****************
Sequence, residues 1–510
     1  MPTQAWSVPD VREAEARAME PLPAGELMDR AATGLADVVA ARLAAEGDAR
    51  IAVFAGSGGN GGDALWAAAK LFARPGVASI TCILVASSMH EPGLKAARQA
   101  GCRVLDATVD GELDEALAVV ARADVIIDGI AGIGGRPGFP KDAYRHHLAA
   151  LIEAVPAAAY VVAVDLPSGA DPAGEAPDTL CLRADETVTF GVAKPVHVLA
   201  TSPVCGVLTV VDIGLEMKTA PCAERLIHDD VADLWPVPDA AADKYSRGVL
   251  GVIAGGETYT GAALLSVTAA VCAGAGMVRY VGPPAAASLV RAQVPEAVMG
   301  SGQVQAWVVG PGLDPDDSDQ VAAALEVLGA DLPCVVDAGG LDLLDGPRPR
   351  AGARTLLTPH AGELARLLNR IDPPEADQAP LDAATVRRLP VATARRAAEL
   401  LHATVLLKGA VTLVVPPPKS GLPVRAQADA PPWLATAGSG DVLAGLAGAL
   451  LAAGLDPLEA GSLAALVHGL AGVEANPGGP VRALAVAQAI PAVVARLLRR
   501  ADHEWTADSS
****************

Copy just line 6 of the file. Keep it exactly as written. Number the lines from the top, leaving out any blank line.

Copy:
   201  TSPVCGVLTV VDIGLEMKTA PCAERLIHDD VADLWPVPDA AADKYSRGVL